Redknapp hoping Cole can fire QPR as fans revolt after Reds run riot
IT TOOK only 28 minutes of embarrassingly one-sided football at Loftus Road for a pre-match atmosphere of nervous hope to descend into outright revolt.
Queens Park Rangers were already three goals behind, had barely ventured outside their own half and the players, not for the first time this season, were being loudly accused of "only being here for the money".
Dozens of QPR fans even headed straight for the exit, with one fan encapsulating the general despair by throwing his coat and hat towards the pitch before turning to aim a double V-sign at his team.
It was an act of passion and defiance that eclipsed anything being produced by the QPR players. Tony Fernandes, the chairman, was almost as forthright in his analysis. "No excuse," he wrote. "Lost for words. Back to the drawing board. Woeful performance."
The first rebuilding step looks likely to be the signing of Liverpool's Joe Cole, who is close to agreeing a deal to join when the transfer window opens tomorrow.
Cole, one of Liverpool's top earners on an estimated £90,000 a week, has been given permission to speak to clubs because he is not part of Brendan Rodgers' plans.
It now looks like his Anfield nightmare is over, with Harry Redknapp, his manager when he was a young player at West Ham, hoping to revive the midfielder's career and QPR's season.
After a brief honeymoon under Redknapp, QPR have now lost three in a row and looked worse during the first half yesterday than at their lowest ebb under Mark Hughes, when they were beaten 3-1 by Southampton in his last game as manager.
Not only were they initially devoid of even the most basic defensive resilience, they looked afraid to get on the ball, ending an extraordinarily one-sided first half having had only 23 per cent of possession.
Redknapp, to his credit, did acknowledge the exceptional first-half quality of Liverpool and Luis Suarez -- "we couldn't get near them" -- but insisted his team would still survive. "You'll think we're mad, but I think we will stay up," he said.
Redknapp has publicly questioned the wages being paid to some of his squad and, yesterday, he raised questions about their collective attitude.
"I only want positive players around me," he said. "I said that in the dressing room after the match.
"Those who are moping around, the subs who are not playing, are not playing because they're no good.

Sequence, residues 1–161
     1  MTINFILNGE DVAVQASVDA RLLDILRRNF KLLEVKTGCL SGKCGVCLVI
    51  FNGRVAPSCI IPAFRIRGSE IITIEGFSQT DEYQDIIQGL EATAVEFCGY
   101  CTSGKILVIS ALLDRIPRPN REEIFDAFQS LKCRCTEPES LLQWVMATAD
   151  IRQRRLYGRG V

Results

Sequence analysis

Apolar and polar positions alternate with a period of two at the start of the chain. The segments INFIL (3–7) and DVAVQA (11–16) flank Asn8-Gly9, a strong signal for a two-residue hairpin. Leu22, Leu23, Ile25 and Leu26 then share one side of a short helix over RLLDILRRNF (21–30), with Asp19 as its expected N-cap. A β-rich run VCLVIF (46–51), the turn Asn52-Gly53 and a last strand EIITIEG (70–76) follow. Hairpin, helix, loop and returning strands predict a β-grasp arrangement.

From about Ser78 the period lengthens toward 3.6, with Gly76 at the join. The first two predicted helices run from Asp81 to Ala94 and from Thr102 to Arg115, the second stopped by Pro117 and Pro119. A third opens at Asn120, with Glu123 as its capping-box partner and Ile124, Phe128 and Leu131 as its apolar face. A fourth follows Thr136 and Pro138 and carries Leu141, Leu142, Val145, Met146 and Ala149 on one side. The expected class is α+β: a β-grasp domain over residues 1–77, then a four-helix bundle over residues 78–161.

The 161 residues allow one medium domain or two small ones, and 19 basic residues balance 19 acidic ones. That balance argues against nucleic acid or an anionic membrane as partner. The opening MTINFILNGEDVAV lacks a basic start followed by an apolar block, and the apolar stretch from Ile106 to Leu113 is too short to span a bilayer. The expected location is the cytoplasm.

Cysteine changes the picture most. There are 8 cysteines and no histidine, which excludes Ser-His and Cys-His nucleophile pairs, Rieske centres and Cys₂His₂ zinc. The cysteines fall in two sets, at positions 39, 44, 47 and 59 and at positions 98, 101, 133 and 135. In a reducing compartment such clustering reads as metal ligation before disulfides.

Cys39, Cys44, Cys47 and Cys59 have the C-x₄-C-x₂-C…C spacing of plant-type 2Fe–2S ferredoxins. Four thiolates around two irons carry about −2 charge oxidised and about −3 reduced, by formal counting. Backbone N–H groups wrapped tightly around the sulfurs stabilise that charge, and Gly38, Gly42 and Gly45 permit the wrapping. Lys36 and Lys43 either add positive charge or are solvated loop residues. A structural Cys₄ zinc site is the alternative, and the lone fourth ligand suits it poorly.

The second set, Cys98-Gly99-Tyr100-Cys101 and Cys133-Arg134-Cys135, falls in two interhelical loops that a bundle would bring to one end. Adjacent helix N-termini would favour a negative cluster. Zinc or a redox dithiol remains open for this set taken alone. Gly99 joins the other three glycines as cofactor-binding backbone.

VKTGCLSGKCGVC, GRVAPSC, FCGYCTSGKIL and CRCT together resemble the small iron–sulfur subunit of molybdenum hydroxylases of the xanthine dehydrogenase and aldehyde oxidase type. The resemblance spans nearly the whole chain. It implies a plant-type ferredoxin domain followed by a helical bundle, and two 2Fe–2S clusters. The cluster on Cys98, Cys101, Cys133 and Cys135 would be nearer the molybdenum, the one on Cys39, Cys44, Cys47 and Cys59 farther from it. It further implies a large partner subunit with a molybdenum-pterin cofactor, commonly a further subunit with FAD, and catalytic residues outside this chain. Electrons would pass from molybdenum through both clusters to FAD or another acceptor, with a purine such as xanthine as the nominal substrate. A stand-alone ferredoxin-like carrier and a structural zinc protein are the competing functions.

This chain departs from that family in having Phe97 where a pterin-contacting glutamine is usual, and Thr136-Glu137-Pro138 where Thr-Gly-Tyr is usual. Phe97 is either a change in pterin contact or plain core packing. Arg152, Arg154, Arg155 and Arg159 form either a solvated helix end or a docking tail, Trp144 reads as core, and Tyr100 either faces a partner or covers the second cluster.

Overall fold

"If they're any good, I'd be picking them. I've had a good chat with the players -- a meeting. Miserable faces, I don't need them around me. I need people who are upbeat.
"There are not too many here but a few have miserable faces too often for some reason. If there are people who don't want to be here, as soon as the window opens we'll see if we can fix something up for them."
Redknapp did not mention names but he was evidently not satisfied with the performance of Djibril Cisse, who was substituted at half-time.
"I know what the problems are, but I don't want to say them publicly," said Redknapp. "You need to have everyone working as a team together. If one or two don't buy into it, you have a problem. Second half we worked much harder.
"You have to be realistic. Do you want to get beat 8-0 or go for damage limitation? We closed it up and got a bit of pride back second half."
The match, though, was settled long before half-time as Suarez scored twice in a breathtaking opening 16 minutes. The first, which saw him wrong-foot a statuesque Clint Hill then finish past Julio Cesar, was especially brilliant.
For his second, Suarez found space wide on the right and then pounced with clinical efficiency after his cross was half-cleared by Nedum Onuoha.
Suarez was scouted extensively while Redknapp was at Tottenham, only for the club to decide that he could not function sufficiently well as a lone striker.
With Suarez making a mockery of that assessment, Liverpool continued to dominate. Joe Allen and Steven Gerrard were impressive in central midfield while Jordan Henderson was also occasionally effective in breaking forward to support Suarez.
For all Liverpool's fluid football, the third goal was the result of a well-worked set-piece. Gerrard had drifted wide to the right for a corner. Daniel Agger headed his precise cross powerfully past Cesar.